The following HTML text is provided to enhance online
readability. Many aspects of typography translate only awkwardly to HTML.
Please use the page image
as the authoritative form to ensure accuracy.
Jonathan Gregory, from the Hadley Centre for Climate Prediction and Research, explained that surface albedo, water vapor, and cloud feedbacks are among the factors that affect climate sensitivity. It is useful to know how climate will respond in time to forcings that are themselves time dependent. Because of its large heat capacity and thermal inertia, the ocean plays a major role in determining the timing of the climate system’s response to exogenous forcing. Research into the climate system’s transient response therefore almost always involves an atmospheric model coupled to a model of ocean heat uptake.
Gregory described a very simple approach that he and his colleagues used to estimate a probability distribution for effective climate sensitivity of the real-world climate system (Gregory et al., 2002). It is based on the simple theory that during time-dependent climate change, the imbalance between imposed radiative forcing and radiative response is absorbed by the ocean, which contains most of the heat capacity of the system. Hence, F=Q-λΔT where F is the heat flux into the ocean, Q is the radiative forcing, and ΔT is the temperature change. One can solve the equation for the climate response parameter (λ), by estimating the other parameters as follows:
Ocean heat uptake (F) was estimated from the 5 year running means of observed interior ocean temperature changes (Levitus et al., 2000). This approach was used in lieu of relying on model estimates of ocean heat uptake, which usually involve some very uncertain assumptions. However, a model still has to be used to estimate F in the late nineteenth century, since there are no observations for that period.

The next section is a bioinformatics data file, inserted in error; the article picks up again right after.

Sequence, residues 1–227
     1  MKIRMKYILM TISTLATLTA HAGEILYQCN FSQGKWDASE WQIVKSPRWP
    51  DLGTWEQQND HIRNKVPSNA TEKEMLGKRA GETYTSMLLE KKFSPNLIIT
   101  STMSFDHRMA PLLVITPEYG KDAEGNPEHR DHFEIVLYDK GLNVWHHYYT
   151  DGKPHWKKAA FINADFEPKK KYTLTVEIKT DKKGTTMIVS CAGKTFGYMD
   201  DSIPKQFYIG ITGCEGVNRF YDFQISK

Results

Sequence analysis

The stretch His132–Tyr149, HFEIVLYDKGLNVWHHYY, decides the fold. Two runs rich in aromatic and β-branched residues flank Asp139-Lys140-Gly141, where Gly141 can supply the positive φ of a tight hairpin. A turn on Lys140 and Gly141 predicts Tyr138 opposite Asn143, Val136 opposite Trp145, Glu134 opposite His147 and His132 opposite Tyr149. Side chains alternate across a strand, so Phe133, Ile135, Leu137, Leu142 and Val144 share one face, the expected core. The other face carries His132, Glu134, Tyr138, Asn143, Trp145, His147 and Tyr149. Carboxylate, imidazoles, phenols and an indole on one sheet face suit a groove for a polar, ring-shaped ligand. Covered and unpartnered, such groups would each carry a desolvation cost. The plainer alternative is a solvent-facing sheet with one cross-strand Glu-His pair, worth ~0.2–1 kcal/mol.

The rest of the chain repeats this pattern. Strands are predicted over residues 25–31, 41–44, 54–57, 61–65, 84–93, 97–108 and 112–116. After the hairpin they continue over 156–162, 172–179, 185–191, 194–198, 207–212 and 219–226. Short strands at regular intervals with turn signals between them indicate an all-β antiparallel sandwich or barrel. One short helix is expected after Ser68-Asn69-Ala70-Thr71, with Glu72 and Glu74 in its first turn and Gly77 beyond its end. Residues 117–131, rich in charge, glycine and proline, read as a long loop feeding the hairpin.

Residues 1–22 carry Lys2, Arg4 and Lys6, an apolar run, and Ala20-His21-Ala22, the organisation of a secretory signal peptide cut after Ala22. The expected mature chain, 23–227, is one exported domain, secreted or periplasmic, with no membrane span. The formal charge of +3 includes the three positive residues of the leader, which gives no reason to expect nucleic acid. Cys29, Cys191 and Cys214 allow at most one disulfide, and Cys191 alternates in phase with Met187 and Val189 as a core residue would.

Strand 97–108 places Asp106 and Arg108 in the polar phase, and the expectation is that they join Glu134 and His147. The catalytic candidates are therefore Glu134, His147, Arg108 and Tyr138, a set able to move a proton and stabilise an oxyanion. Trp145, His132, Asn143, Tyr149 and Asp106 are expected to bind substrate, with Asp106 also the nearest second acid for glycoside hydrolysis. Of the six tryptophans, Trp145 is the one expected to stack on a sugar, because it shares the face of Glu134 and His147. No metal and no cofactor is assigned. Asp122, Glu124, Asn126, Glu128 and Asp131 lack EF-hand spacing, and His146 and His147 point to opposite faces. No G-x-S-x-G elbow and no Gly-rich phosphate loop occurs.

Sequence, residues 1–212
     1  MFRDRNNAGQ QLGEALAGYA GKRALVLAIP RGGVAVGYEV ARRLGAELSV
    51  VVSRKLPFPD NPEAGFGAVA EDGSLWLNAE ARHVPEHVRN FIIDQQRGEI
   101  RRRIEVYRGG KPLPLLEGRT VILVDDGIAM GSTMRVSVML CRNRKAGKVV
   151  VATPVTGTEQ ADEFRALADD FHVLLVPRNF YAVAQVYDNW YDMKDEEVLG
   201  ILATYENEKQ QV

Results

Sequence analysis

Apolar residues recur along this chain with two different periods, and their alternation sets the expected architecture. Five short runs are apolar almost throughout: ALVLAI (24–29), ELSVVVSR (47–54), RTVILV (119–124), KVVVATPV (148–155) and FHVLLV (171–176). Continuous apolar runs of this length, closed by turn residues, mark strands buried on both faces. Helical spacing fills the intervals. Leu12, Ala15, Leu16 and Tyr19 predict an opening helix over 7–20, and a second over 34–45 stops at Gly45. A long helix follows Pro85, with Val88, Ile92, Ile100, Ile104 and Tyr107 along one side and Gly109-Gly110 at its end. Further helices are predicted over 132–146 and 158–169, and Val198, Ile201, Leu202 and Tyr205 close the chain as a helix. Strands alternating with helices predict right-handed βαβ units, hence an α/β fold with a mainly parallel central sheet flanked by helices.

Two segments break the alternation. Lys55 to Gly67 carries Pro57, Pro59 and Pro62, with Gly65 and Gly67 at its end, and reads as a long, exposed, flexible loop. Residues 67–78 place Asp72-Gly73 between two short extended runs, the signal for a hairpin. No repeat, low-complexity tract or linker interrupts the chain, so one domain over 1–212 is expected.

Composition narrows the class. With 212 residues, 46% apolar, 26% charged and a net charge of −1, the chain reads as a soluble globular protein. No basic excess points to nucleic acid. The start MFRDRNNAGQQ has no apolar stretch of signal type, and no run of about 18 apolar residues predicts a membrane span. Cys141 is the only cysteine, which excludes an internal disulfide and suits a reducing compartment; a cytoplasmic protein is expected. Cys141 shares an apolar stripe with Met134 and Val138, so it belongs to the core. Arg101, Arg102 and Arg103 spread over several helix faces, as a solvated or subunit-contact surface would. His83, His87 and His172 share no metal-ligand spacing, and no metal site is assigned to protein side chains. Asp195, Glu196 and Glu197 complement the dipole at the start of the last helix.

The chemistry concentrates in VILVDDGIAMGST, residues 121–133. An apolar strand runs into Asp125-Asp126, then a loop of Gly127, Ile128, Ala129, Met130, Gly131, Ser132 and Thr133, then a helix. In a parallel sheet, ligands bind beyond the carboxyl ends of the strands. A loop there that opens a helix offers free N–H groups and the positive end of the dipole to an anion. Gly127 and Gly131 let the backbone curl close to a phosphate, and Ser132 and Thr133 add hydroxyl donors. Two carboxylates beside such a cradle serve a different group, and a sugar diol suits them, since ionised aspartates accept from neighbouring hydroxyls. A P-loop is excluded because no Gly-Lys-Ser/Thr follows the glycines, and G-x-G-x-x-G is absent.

It is not possible to obtain a true steady-state global average temperature, so instead, the temperature change (ΔT) is estimated as a difference in global average temperature between the current period and an earlier period, with the two periods as widely separated as possible, to maximize the climate change signal.
Radiative forcing (Q) for greenhouse gases, sulfate aerosols, solar irradiance, and volcanic aerosols is estimated by a variety of methods, since there are no direct observations of past changes in radiative forcing.
With these inputs, Gregory and colleagues calculated a PDF for sensitivity (Figure 3, pg. 29) and determined that the lower bound (5th percentile) is 1.6 K. This method of constraining the lower bound for sensitivity is objective and largely independent of climate models. Sensitivity could be further constrained if we could reduce uncertainties in the radiative forcing.
Gregory reviewed other approaches that have been used to develop estimates of climate sensitivity, including:
equilibrium “slab” experiments with atmospheric models coupled to mixed-layer ocean models;
time-dependent atmosphere-ocean climate model experiments;
simple climate models constrained by the twentieth century temperature record, which are used to develop PDF of climate sensitivity and forcing; and
paleoclimate records that are used as an observational constraint.
Reasons for differences among these various estimates include the fact that climate models have different feedbacks and sea surface temperature changes. Also, different studies employ different assumptions about natural and anthropogenic forcings, ocean heat uptake, and the “initial” (pre-industrial) state of the climate system.
Mahlman: If we had a perfect climate observing system, including aerosols, could you use these simple model approaches to better constrain sensitivity? How long would it take?
Schlesinger: It may take almost a century of observations to reduce the uncertainty, although you would learn faster if sensitivity is large (since the signal is larger).
Mahlman: It wouldn’t take another century if the measured climate variables and the climate forcings were well known. In such a case, all that would be left is global natural variability, which averages out over a few decades.
Stone: There are opportunities to reduce uncertainties in aerosol forcing through new observations.
Mahlman: However, we don’t even know how to observe the indirect effects of aerosols.
Ramaswamy: We also need to learn more about how to quantify direct radiative forcing from black carbon aerosols.